Saturday, 6 June 2015

Great legs!!!

June is a fairly quiet month in comparison to mad May but a Mega is more than possible. The bird I chose to pursue today falls into this category with a record every half a dozen years or thereabouts. I had seen plenty of this species in the US and Paraguay but it was still a UK tick for me having missed birds in the past. This particular bird has been present at Titchfield Haven NNR for over a month and the last thing I expected was a hide crammed with birders!!

 I had barely squeezed myself into the Suffern Hide when the Greater Yellowlegs flew into view with a Greenshank. All you could hear was the crazy clicking of shutters on cameras as the bird came to rest on the far side of the tidal river. The yellowlegs moved up stream and the hide emptied like bats leaving a cave.

I took a leisurely stroll back to the car and noticed the bird was showing close to the road. I stopped and took a few extra shots for good measure before making my way back to the car. 

I couldn’t resist taking a picture of a Black Swan a favourite with some of the Surrey listers! Enjoy!

Pagham Harbour was my next destination to connect with a Black-winged Stilt. This bird may have been a returning product of last years successful breeding nearby. Hopefully in time this species will re establish itself in the UK. Initially I could not see the bird but once I had got the sand out of my eyes from the howling wind the bird was located at the far end of Sidlesham Ferry Pool. The dot shots are not worth the effort in re sizing!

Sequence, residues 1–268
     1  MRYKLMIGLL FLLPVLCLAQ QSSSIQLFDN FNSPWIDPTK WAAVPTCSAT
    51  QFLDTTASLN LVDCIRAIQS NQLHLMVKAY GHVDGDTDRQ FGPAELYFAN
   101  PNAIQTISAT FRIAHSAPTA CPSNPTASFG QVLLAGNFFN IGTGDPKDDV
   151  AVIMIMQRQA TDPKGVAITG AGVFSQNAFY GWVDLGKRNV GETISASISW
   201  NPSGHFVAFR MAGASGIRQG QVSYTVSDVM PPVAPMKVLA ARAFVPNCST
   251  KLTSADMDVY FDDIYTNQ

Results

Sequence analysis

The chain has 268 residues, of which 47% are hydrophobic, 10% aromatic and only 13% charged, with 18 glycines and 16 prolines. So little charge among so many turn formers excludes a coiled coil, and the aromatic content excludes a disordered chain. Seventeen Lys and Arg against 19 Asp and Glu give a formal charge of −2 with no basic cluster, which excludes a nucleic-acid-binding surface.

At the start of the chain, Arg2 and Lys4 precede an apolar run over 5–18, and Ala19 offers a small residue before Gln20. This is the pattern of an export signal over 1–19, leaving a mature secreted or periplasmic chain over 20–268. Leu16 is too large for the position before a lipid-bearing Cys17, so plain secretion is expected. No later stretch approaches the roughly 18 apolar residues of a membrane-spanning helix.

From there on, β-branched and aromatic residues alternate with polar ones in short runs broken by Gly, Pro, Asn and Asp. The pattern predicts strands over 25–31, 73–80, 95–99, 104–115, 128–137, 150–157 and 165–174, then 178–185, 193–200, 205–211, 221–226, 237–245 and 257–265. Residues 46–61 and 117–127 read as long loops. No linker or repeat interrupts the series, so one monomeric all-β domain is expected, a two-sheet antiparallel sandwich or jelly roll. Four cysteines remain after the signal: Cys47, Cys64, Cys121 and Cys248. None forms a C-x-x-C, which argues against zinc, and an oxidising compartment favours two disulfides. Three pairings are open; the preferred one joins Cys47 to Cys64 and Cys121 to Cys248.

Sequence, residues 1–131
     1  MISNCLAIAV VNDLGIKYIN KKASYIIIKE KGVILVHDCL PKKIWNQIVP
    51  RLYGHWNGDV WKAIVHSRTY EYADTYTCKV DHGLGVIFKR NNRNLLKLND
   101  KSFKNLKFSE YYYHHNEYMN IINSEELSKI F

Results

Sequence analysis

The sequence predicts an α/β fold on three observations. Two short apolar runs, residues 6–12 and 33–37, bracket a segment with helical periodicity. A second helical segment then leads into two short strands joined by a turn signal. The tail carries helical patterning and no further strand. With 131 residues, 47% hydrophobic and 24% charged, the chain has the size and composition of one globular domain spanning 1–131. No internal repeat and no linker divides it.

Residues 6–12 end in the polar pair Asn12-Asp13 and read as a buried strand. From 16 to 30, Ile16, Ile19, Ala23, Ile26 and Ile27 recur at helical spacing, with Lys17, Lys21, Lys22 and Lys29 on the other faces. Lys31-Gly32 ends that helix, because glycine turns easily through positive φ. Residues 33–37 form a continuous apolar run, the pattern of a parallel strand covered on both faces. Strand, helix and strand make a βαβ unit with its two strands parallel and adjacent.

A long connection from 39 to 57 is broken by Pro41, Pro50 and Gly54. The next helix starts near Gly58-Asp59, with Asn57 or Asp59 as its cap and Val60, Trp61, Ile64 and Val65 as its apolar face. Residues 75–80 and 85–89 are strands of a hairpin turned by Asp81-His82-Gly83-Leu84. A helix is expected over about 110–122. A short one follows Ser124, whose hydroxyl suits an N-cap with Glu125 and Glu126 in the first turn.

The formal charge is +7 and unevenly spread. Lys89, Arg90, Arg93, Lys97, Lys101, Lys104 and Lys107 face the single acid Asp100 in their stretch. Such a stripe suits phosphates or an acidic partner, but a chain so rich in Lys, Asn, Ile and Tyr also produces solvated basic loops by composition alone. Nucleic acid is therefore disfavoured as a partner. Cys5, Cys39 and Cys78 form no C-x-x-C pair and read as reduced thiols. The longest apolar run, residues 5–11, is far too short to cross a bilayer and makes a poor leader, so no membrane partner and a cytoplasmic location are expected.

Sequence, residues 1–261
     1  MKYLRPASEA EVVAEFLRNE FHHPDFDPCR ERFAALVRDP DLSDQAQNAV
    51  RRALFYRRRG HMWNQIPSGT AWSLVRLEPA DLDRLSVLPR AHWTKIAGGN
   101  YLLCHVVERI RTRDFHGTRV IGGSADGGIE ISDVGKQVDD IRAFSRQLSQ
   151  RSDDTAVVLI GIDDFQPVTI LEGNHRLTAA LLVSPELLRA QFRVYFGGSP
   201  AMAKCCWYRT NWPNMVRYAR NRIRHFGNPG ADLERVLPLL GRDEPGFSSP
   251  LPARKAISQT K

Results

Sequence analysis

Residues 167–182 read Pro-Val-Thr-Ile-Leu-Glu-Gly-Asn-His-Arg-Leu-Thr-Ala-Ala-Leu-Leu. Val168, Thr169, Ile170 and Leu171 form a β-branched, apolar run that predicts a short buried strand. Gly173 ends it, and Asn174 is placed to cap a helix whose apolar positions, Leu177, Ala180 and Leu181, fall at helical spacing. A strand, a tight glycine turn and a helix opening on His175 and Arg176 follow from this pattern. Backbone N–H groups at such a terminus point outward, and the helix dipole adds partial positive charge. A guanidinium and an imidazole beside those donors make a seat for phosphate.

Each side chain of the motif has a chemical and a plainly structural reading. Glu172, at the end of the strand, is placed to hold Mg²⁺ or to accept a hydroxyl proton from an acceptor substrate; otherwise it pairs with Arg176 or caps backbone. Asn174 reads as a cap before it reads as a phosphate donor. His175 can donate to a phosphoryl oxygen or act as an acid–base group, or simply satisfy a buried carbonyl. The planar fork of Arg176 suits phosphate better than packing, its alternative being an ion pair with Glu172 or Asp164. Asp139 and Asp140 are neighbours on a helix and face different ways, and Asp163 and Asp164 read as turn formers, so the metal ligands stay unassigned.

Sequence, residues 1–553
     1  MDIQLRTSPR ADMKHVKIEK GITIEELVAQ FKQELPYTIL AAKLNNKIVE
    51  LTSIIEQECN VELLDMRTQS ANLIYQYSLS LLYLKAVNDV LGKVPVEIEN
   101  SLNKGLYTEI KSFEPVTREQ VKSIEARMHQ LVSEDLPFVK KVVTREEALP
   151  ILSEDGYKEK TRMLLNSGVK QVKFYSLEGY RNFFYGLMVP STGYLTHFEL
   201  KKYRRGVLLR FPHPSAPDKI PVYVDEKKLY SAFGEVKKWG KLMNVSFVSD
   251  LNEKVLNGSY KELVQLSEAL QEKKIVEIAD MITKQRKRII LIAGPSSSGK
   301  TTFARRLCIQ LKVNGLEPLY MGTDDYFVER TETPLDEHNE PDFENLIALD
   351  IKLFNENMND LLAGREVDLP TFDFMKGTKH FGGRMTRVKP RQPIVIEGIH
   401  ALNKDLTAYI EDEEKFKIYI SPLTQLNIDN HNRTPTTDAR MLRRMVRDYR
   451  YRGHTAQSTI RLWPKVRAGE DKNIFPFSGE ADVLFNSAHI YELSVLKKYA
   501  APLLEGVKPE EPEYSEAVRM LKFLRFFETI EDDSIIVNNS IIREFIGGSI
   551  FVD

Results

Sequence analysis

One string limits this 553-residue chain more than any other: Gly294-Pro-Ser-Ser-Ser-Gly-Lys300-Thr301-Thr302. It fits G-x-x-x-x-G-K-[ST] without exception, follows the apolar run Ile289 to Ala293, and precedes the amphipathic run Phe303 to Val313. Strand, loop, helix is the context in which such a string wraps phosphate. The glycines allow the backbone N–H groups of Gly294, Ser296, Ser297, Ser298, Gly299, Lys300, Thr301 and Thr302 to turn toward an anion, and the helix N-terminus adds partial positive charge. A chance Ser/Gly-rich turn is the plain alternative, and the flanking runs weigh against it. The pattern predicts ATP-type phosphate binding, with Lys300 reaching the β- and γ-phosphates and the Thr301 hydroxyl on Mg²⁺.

I welcomed my own arrival at Thundry Meadow because I was the only one there! Thankfully it was not so windy but had plenty of cloud cover making it slightly chilly. This small reserve is definitely growing on me with a variety of species using the woodland, meadows and the River Wey.

I found a nice spot to eat a late lunch and watched the skies for a while which produced a Black headed and Herring Gulls. Hang on a minute!! A quick check of my surroundings and I was off into the areas of woodland to see what I could find.

Six hours passed in what seemed like a blink of an eye I had recorded forty six species and not suffered a single mossie bite. Fantastic!! I decided to head for home completely satisfied with the days results.